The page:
30 A-level students from the Centre for Science at Camborne Pool Redruth College took part in a workshop exploring biological and medical ethics linked to the Science world as part of their A-level syllabus. The Exstream Theatre Company, made up of graduates from the University of Exeter, produced a workshop and dropped in to the Science Department to touch on issues such as in-vitro fertilisation selection of embryos and the selection of embryos for physical characteristics or cloning.
The project was formed in summer 2002 with a grant from The Wellcome Trust to tour the interactive Theatre in Education programme. The group formed to inform students in Schools, Colleges and Universities about the issues and to allow them to explore sensitive topics.
This particular workshop was based on a fictional character called Anna who suffers from a life threatening, inherited condition called Fanconi's Anaemia. Her parents were willing to have another child by in-vitro fertilisation in order to supply stem cells to help Anna's condition. However, this is a touchy subject because the embryos may also carry the same genetic defect unless they are screened and those carrying the defect destroyed. The students were investigating whether this procedure should be legalised.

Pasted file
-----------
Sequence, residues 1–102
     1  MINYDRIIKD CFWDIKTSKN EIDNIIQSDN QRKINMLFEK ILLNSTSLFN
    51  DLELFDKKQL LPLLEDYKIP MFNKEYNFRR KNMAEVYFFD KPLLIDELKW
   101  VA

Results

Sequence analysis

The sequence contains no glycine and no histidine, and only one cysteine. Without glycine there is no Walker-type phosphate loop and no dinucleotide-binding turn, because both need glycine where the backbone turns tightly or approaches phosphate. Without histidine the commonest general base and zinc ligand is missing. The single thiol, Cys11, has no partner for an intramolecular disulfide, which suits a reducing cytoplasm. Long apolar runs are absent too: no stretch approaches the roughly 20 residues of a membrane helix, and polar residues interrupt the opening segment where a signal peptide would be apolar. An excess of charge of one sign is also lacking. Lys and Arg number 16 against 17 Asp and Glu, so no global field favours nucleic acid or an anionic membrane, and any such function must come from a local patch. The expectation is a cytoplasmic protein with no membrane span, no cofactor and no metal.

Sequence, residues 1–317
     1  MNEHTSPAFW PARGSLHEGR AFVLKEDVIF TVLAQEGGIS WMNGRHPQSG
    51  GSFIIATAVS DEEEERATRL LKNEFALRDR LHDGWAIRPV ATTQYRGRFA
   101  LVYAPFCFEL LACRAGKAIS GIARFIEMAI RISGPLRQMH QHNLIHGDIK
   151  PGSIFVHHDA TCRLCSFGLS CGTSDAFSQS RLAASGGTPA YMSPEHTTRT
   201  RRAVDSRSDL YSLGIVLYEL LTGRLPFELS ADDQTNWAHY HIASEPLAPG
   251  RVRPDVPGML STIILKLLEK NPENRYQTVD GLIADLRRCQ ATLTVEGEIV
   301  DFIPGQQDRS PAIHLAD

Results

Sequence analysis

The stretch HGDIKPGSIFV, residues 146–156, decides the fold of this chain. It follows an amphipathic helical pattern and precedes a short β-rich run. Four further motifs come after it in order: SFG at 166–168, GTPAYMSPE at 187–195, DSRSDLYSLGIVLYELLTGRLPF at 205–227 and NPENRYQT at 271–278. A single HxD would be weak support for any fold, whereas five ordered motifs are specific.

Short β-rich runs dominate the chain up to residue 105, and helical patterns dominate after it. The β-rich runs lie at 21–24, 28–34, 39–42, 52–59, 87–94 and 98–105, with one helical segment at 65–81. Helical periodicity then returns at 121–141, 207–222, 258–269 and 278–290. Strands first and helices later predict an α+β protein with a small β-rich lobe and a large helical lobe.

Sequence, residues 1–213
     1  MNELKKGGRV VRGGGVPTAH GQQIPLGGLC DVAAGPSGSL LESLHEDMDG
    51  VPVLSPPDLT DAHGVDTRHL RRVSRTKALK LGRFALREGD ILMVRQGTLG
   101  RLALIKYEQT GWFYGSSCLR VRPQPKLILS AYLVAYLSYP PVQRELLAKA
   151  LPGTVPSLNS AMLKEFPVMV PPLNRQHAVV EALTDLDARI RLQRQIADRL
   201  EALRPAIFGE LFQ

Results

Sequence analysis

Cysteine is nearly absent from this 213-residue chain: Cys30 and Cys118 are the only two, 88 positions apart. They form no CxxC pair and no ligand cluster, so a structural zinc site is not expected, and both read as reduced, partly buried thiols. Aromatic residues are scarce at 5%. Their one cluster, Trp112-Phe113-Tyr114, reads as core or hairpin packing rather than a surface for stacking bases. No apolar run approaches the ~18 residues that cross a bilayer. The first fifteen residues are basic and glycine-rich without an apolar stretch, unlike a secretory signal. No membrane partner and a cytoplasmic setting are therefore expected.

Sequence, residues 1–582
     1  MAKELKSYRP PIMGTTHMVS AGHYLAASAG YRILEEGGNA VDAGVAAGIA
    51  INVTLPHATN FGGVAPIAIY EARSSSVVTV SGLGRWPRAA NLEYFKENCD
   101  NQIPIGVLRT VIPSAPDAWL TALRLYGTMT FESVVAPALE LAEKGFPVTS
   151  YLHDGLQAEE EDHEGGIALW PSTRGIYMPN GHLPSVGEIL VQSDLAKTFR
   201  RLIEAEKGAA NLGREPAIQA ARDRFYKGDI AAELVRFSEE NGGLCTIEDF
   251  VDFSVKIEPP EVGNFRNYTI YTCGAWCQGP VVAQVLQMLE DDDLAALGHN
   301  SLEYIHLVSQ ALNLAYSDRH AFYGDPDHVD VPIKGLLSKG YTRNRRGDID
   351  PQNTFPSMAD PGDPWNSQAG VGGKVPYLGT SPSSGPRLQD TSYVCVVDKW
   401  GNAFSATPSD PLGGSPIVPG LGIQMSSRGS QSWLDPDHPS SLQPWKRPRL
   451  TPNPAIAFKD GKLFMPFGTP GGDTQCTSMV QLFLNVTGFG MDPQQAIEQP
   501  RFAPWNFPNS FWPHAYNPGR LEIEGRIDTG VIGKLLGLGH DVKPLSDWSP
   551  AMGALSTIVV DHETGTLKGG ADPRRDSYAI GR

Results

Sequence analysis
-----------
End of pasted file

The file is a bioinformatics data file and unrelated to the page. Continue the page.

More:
The workshop left many students thinking more deeply about the ethical issues involved and wanting to find out more information. One of the students, Harriet Martin, commented: "It was an enjoyable, challenging experience, it made me think about the ethical and personal issues involved." With more publicity in the media about cloning and sex selection of embryos, these types of projects help students to look at both sides of the story and make up their own minds. Head of Science, Phil Knight, commented: " The play very successfully illustrated the real and heartbreaking dilemmas faced by scientists, doctors and families involved in making decisions about embryo selection. Our students found it a thought provoking and moving experience."